Sony’s imaginative approach to user interfaces can be seen, too, with the MPEG noise reduction system the VW80 carries. For this allows you to pick your preferred block noise and mosquito noise combination by shifting a point along a ‘graph’ where Block NR runs along the horizontal axis and Mosquito noise runs up the vertical axis. The beauty of this system is that it lets you pinpoint much more accurately the setting where either or both noise reduction routines go from aiding to actually spoiling the picture.
Yet more impressively high-tech fine-tuning comes from an electronic panel alignment feature that enables you to achieve a perfect alignment of the red, green and blue elements within each pixel.
And then there’s the VW80’s ‘Advanced Iris’ system, which can automatically adjust the amount of light let through the projector’s iris in response to how dark or bright a particular image is, thereby making black levels more convincing and expanding the possible contrast range. Thanks to this dynamic iris, the VW80 claims a prodigious contrast ratio of 60,000:1 – so far as we can recall, the highest such figure we’ve seen on a projector to date. Not forgetting, of course, that it’s not a ‘native’ figure, but one that depends on reducing and increasing the image’s brightness.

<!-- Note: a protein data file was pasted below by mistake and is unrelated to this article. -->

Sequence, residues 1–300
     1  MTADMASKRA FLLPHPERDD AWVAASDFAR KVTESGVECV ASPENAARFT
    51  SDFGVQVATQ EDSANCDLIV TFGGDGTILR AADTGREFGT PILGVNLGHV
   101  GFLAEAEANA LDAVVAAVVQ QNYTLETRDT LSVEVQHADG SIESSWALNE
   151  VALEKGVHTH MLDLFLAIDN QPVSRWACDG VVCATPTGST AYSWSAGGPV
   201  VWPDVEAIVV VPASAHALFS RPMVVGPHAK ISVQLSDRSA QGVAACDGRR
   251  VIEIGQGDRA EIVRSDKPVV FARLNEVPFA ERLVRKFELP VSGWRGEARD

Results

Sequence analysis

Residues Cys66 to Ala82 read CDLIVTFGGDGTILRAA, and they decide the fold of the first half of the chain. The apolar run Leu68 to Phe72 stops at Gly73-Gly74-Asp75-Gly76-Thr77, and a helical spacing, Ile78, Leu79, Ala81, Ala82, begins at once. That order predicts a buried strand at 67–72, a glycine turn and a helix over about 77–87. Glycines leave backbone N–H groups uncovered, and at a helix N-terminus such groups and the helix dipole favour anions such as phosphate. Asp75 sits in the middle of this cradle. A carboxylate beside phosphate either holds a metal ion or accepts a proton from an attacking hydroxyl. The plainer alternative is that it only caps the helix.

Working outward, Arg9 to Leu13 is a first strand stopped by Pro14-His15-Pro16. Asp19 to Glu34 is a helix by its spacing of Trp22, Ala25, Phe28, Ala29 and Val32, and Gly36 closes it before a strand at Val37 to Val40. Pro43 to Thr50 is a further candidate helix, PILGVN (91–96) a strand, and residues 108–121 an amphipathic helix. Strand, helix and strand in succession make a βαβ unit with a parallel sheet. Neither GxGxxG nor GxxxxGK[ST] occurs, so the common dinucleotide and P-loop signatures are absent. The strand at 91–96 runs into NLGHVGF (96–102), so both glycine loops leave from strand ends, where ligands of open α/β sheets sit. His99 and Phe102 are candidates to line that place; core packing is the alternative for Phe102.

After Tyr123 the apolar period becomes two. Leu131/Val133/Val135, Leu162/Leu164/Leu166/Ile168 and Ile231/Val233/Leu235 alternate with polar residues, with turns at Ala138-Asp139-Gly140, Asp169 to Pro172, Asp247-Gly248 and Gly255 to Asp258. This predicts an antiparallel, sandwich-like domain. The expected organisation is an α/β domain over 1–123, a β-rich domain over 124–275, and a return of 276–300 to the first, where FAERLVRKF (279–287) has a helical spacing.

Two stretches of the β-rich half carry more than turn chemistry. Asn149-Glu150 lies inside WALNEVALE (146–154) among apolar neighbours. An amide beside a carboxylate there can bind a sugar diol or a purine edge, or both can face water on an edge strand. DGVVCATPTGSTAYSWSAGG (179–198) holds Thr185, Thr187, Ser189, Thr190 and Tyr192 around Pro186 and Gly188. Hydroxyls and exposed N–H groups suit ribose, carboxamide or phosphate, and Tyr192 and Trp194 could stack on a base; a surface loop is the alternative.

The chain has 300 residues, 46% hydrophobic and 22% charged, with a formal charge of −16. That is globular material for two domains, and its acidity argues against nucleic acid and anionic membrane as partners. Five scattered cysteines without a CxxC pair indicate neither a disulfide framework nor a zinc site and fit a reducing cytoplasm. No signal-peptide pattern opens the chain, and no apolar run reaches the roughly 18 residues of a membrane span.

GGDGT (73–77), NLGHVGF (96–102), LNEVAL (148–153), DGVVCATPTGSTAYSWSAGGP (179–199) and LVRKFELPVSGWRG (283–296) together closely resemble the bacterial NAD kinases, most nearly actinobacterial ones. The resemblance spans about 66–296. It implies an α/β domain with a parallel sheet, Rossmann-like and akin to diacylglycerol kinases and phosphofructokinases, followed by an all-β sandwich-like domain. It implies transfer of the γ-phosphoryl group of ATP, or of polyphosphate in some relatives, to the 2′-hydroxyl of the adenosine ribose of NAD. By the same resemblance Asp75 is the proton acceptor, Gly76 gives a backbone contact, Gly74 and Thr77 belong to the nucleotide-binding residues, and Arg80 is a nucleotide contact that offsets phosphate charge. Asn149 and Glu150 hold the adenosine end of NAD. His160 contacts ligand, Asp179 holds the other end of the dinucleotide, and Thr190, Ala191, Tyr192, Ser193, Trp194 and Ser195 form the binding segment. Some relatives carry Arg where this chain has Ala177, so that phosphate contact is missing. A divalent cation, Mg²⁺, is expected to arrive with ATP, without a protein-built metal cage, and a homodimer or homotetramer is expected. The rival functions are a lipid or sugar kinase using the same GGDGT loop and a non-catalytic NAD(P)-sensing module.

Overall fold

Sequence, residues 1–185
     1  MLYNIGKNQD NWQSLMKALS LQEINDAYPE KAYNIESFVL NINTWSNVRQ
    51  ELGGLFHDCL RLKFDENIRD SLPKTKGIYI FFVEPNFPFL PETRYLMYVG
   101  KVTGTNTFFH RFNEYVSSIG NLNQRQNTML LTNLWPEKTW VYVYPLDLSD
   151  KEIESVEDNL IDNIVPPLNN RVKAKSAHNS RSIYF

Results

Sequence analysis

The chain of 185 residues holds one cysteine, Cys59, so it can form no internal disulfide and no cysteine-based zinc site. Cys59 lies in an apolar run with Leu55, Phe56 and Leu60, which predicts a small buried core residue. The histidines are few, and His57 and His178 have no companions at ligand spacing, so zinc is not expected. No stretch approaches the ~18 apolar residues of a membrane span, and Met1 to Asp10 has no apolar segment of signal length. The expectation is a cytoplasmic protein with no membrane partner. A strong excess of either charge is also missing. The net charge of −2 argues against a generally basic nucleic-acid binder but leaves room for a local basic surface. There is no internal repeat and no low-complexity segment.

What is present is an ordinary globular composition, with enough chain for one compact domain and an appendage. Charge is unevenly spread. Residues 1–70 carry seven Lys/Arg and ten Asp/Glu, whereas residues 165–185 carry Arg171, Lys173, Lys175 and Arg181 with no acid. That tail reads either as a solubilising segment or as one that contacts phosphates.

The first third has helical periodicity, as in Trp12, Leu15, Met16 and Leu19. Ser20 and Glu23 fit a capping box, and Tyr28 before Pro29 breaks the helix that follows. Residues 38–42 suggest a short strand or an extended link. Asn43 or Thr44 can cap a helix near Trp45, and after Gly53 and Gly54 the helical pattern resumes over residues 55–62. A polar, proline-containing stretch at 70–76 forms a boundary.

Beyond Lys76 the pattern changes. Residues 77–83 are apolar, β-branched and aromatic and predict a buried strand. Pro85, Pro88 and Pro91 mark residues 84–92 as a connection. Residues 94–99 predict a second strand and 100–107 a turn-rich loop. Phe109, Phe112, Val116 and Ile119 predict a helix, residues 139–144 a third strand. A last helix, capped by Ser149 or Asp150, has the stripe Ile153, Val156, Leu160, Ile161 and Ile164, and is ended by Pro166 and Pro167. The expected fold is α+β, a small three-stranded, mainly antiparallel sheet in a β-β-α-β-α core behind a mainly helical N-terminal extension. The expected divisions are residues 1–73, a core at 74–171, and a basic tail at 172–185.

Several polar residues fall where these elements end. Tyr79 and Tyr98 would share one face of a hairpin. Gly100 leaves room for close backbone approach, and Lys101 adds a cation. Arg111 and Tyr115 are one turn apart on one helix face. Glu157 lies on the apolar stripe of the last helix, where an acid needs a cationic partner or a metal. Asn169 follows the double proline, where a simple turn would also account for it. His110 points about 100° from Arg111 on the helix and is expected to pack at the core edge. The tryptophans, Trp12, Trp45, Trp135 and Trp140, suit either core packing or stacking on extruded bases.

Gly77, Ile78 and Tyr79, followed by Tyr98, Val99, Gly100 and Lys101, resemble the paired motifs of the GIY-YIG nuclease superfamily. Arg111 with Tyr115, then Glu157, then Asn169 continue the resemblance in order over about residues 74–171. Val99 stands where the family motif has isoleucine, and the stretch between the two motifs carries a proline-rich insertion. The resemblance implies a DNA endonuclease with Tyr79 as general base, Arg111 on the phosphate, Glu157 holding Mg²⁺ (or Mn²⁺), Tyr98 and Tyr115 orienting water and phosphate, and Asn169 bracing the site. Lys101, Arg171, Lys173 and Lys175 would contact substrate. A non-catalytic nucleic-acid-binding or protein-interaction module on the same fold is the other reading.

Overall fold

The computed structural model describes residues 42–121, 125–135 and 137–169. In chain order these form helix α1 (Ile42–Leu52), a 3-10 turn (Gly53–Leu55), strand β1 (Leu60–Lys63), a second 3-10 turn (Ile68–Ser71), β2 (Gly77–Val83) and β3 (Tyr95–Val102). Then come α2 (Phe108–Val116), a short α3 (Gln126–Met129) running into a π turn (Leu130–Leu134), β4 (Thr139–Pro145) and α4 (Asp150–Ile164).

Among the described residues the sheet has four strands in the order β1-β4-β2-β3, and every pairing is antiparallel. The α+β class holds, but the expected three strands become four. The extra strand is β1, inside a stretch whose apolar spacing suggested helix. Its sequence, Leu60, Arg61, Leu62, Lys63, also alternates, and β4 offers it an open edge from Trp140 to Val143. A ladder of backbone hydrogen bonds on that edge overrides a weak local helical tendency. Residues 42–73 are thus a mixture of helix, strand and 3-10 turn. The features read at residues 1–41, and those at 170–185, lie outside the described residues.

A particularly nice thing about this dynamic iris is the flexibility Sony has apportioned to it. For as well as being able to select between two levels of ‘aggression’ for the system in terms of how much brightness it cuts out, you can also adjust the speed of the iris’s reaction time to slow, fast or ‘recommended’; set the iris manually; or even turn off iris control completely.
Yet more black level support comes from the option to run the projector’s lamp at a low output level, and from a black level boosting circuit tucked away in one of the many well-presented onscreen menus.
And still we’re not done with the VW80’s picture features. For also onboard are an anamorphic zoom mode for people with anamorphic lenses, Sony’s 24p True Cinema system (via the two provided HDMIs) for purer playback of Blu-ray’s 1080p/24 format, and Bravia Engine 2. This latter proprietary Sony system uses eight-stage, real-time processing to enhance various aspects of the picture, but especially colours and noise levels.
The remarkably long raft of features we’ve just trawled through come on top, meanwhile, of the increasingly inevitable Full HD pixel count, as well as an All-Resolution Crisp Focus lens designed to optimise resolution and focus.
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